Honda’s GCV 160 can be found in everything from pressure washers to lawn mowers, but whatever your motor is powering, it still requires the same maintenance. Here’s what you need to know to keep your Honda small engine running reliably for years to come.
Before each use: Check the air cleaner and the oil level.
First month or 5 hours of operation: Change the oil.
Every season or 25 hours: Clean the air cleaner
Every season or 50 hours: Change the oil, check the spark plug, and inspect the flywheel brake pad.
Every 100 hours: Check the blade, brake, clutch, and spark arrester (if equipped.)
Every 200 hours: Replace the air cleaner and spark plug.
Every two years: Check the fuel line for cracks and damage.
Honda recommends bringing this motor to a service center for the following maintenance.
Every 100 hours: Check the valve clearance, fuel tank, and fuel filter.
Every 150 hours: Adjust the idle speed.
This engine is designed to use standard automotive unleaded with an octane rating of 86 or higher and no more than 10% ethanol (E10) or 5% methanol. The tank should not be filled past the base of the filler neck. When closing the tank, twist the fuel cap until it makes an audible click. Always move the equipment at least 10 feet (three meters) away from the fueling location before starting to prevent the ignition of gas fumes.
Honda recommends 10W30, but 5W30 can also be used, or SAE 30 so long as temperatures are above 50 degrees F (10 degrees C.) This oil should meet API standard SJ or later.
To check the oil, remove the dipstick from the filler neck, wipe off any oil, and reinsert it without screwing it back into the neck. Remove the dipstick again and look for oil. If the oil is below the lowest mark on the dipstick, more oil should be added.
To change the oil, make sure the fuel valve is set to “OFF,” remove the dipstick, and tilt the engine, letting the oil drain into a container for recycling. Once the oil has drained, tilt the engine back so that it’s level and add fresh oil. Reinstall the dipstick.
The filter can be accessed by pushing in on the tabs at the top of the cover and swinging the cover downward.
To clean the filter element, tap it against a hard surface to loosen dirt or blow it out using compressed air with a pressure of 30 psi or less. Wipe out any dirt inside the cover before reinstalling the filter.
Note that there are two spark plugs specified for this engine. The one you’ll need depends on whether or not it’s being used to power a pressure washer.
To access the spark plug, remove the spark plug cap and unscrew the plug using a spark plug wrench. The plug should be replaced if it’s fouled, has a cracked insulator or worn electrode or is otherwise damaged.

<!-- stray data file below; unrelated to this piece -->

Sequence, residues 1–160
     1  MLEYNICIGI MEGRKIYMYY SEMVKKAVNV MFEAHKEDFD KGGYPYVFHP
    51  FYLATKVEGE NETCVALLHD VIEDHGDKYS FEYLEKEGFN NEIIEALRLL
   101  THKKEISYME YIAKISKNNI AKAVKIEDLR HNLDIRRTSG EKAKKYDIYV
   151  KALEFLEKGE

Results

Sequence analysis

The spark plug gap should be set to between 0.028 and 0.030 inches (0.70 to 0.80 mm.)
When installing, make sure the sealing washer is at the base of the threads. The plug should first be screwed in by hand to prevent cross-threading, then tightened down with the plug wrench. Turn the plug 1/8-1/4 turn after it seats if it has been used. New plugs should be turned 1/2 turn after seating to compress the washer.
Flywheel Brake Inspection
To access the brake, start by removing the three flange nuts on the top of the recoil starter. Remove the recoil starter from the engine.
Next, slide the fuel tank off of the engine without disconnecting the fuel line. If there’s fuel in the tank, set it next to the engine while keeping it level.
The flywheel brake is located next to the flywheel and has a large spring attached to it. The brake shoe will need to be replaced if it’s less than 3 mm thick. Honda recommends having this done at a service center.
Reinstall the tank and recoil starter in reverse order, making sure there are still three spacers on the studs that pass through the tank to hold everything in the correct position.
The arrester is an optional piece of equipment, but it can be added to any GCV160 to meet local fire regulations.
To access it, remove the three 6mm bolts holding on the muffler protector, then remove the screw holding the arrester inside the muffler. Use a wire brush to remove any carbon buildup. The spark arrester should be replaced if it has any holes or cracks. Reinstall in reverse order.
Getting Parts for Your GCV 160
When you need parts for Honda small engines, visit www.hondalawnparts.com. We’re a certified Honda dealer, and we can ship OEM replacements for anything on your motor to any address in the U.S. and Canada.